We are told that “joy comes with the morning,” and that our “joy may be full,” but how does that play out? How can we get that joy? When we feel those inevitable feelings of gloom and discouragement come upon us, how do we replace those with joy?
First, we need to understand the difference between happiness and joy.
Happiness – a state of well-being and contentment; a pleasurable or satisfying experience. (Only 10 verses in the ESV contain a form of the word “happy.”)
Joy – a vivid emotion of pleasure arising from a sense of well-being or satisfaction; the feeling or state of being highly pleased or delighted; the prospect of possessing what one desires. (A form of the word “joy” is found in 203 verses in the ESV, and many of these are accompanied by the exhortation to praise the Lord. Thanksgiving and joy go hand in hand.)
Happiness is most often associated with our circumstances or experiences. Happiness comes when everything is going “right” in our world. Happiness is not a bad thing, but it must be understood that it is fleeting – it will come and go without notice.
Joy, on the other hand, is based on truth – on a belief system. Instead of needing a “state of well-being,” that happiness requires, it calls for a “sense of well-being.” The difference is not in the circumstance, but in the state of mind. It’s not having everything that you want and desire, rather, it is wanting and desiring what you already have and being content with that. It is holding out hope that God’s promises are sure and that everything will work out for our good and for God’s glory. It is knowing that every circumstance and experience in our life is designed to bring us closer to God, and to mold us into Christ-likeness. As Christians, this should be our ultimate desire.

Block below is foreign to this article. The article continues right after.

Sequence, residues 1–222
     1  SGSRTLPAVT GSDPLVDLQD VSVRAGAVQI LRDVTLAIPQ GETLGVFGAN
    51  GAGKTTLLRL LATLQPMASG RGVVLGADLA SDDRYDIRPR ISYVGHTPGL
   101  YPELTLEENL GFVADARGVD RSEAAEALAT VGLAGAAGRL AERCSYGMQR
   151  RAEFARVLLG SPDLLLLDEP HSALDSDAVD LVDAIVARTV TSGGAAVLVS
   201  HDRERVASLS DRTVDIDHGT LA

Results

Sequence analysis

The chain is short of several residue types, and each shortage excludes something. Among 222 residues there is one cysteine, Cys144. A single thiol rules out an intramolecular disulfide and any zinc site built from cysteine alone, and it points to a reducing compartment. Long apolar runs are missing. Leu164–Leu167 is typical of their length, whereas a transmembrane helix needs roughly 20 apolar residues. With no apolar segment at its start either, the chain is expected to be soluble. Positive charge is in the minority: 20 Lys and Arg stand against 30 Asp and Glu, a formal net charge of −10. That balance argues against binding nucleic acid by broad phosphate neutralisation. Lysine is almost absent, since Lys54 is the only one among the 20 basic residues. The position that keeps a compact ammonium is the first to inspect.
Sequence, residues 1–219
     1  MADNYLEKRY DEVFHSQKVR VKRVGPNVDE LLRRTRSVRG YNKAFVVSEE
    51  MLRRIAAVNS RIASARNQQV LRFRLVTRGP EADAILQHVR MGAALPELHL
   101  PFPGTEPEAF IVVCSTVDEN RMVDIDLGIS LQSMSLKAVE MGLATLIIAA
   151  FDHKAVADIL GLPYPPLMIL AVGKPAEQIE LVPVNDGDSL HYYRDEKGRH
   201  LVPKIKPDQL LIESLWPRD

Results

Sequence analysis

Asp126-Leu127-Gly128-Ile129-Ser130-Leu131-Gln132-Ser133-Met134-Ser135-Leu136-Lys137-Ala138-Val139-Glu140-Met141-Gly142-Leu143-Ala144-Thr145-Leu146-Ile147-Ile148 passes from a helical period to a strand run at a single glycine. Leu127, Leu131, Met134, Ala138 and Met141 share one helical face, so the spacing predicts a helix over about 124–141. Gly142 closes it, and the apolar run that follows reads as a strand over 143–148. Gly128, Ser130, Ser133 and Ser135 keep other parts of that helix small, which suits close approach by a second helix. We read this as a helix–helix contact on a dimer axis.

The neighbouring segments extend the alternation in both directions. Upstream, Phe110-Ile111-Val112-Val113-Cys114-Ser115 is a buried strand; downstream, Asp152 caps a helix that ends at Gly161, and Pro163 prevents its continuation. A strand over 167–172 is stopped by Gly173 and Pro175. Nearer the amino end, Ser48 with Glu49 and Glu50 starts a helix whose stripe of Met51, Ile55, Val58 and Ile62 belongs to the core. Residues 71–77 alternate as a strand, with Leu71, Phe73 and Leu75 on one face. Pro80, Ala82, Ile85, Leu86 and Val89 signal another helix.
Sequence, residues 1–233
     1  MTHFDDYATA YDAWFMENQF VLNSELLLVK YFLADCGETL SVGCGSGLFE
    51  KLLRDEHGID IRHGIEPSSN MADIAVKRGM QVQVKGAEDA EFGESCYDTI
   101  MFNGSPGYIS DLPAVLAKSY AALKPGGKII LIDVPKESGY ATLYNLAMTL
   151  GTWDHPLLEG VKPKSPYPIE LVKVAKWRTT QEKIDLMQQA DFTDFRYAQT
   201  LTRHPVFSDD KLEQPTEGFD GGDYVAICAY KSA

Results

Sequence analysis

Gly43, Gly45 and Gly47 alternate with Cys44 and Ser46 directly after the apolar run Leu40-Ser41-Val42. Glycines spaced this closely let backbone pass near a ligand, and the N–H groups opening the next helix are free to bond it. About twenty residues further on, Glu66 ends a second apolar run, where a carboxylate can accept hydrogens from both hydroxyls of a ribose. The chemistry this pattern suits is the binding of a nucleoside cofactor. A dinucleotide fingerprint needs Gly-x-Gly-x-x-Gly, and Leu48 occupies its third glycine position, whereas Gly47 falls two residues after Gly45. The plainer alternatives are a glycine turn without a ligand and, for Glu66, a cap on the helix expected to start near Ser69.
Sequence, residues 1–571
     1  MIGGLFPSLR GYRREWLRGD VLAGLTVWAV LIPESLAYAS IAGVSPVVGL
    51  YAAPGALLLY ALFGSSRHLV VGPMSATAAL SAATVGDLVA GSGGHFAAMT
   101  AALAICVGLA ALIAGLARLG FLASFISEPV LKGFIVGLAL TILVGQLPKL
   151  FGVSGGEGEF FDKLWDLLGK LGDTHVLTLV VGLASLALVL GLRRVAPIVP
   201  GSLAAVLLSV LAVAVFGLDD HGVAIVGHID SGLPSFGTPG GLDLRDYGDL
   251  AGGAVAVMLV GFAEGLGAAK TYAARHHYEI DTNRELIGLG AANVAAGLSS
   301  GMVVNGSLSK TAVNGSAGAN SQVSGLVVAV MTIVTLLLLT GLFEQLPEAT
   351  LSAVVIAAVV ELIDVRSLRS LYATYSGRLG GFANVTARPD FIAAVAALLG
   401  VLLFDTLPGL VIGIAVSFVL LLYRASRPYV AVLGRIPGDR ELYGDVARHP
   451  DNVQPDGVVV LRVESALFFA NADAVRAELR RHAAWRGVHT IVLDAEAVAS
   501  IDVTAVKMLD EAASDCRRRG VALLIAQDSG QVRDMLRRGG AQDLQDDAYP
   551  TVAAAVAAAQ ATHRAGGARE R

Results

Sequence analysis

Sometimes, it is really hard to get beyond the circumstances and see the full picture. But remember, you will experience pain, sorrow, hurt, frustrations, etc. in this lifetime; however, you can have a joy that allows you to “say the ‘right’ thing to the ‘how are you doing?’ question” or give an unexpected, forced smile to that person who always says the wrong thing, even when you don’t feel like it.
Joy isn’t about feelings. It’s about the truth.
So, next time you wonder when you will feel happy again, try working on the “joy of the Lord” instead. Happiness is great when you have it, but it never stays forever. Put your efforts into something that will not leave you, even in your darkest moments. The transformation you will experience in your life, especially during those difficult times, will be amazing.
My soul is bereft of peace; I have forgotten what happiness is; so I say, “My endurance has perished; so has my hope from the Lord.” Remember my affliction and my wanderings, the wormwood and the gall! My soul continually remembers it and is bowed down within me. But this I call to mind, and therefore I have hope: The steadfast love of the Lord never ceases; his mercies never come to an end; they are new every morning; great is your faithfulness. “The Lord is my portion,” says my soul, “therefore I will hope in him.” Lamentations 3:17-24 (read entire chapter)
You make known to me the path of life; in your presence there is fullness of joy; at your right hand are pleasures forevermore. Psalm 16:11
Until now you have asked nothing in my name. Ask, and you will receive, that your joy may be full. John 16:24
May the God of hope fill you with all joy and peace in believing, so that by the power of the Holy Spirit you may abound in hope. Romans 15:13
Original material by Holly M. Besser, Perfect Joy Ministries©2013. May not be used or re-printed without permission. bp30p03-17-13